Is reality the second best option?

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Puma over Visoko
A British Puma flies over Visoko. Photo by Torbein.

I wasn’t too sur­prised by some of the responses to the Bosnian Pyramid posts, though the quant­ity was high. One reason for not writ­ing more on it was the sheer num­ber of vis­it­ors. I’ve had to pay for increased band­width which I can’t really afford to do again. There were a few people that noted I was an idiot, which told me noth­ing I didn’t know already, but no flaws in my reas­on­ing. I assume that means that every­one accepts that the press releases com­ing out from Visoko are so non­sensical even an idiot can spot the errors. Therefore if you want to archae­olo­gic­ally exam­ine the hill to find out what happened there in the past then the dig is prob­ably a bad idea. There are lots of import­ant things on the site and Osmanagić doesn’t seem to be aware of the prob­lems he has record­ing it. Or else doesn’t care. But is the dig really about find­ing his­tory or cre­at­ing myth?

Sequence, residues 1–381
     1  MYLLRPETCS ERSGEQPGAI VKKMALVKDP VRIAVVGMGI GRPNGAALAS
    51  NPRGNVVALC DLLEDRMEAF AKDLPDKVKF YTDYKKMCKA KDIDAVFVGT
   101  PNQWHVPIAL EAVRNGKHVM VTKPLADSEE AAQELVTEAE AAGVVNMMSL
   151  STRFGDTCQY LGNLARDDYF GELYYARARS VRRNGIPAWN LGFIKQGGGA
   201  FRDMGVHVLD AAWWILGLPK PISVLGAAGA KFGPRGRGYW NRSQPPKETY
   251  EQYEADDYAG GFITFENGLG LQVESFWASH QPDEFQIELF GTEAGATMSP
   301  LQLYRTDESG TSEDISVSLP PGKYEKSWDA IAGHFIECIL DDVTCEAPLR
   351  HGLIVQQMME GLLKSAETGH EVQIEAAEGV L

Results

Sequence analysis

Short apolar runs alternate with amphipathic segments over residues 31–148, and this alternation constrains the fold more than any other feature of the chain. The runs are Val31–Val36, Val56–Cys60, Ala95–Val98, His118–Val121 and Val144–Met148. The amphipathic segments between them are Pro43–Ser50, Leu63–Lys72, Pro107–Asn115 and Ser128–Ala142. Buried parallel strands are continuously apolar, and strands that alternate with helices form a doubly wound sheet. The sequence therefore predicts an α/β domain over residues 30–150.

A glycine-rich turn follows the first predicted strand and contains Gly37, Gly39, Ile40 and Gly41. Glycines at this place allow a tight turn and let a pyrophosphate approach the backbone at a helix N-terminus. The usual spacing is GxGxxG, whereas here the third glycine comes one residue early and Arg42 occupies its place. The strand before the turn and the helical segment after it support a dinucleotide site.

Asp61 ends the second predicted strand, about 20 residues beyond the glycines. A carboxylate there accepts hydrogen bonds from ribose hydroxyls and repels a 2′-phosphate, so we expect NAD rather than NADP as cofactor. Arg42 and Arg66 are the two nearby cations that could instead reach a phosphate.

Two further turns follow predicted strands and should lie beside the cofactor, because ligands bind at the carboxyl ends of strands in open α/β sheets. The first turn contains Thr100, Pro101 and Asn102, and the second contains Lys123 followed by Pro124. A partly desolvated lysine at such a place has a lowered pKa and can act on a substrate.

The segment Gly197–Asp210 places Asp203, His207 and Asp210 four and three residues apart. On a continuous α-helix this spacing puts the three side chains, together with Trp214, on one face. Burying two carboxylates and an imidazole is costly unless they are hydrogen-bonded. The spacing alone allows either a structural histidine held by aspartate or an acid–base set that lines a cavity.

And if it’s not a pyr­amid, then we make one,” said a man from Visoko after we asked him what he thinks of the pyr­amid shaped hill.

Nearby, the man­ager of a food fact­ory was flog­ging “Bosnian Sun Pyramid” pralines. Hawkers sold hast­ily prin­ted T-shirts and brandy in pyramid-shaped bottles while crafts­men turned out pyr­amid souven­irs. Retiree Rasim Kilalic turned his week­end home near the dig into a café. “Please God, let them find a pyr­amid,” he said, rush­ing to serve crowded tables.

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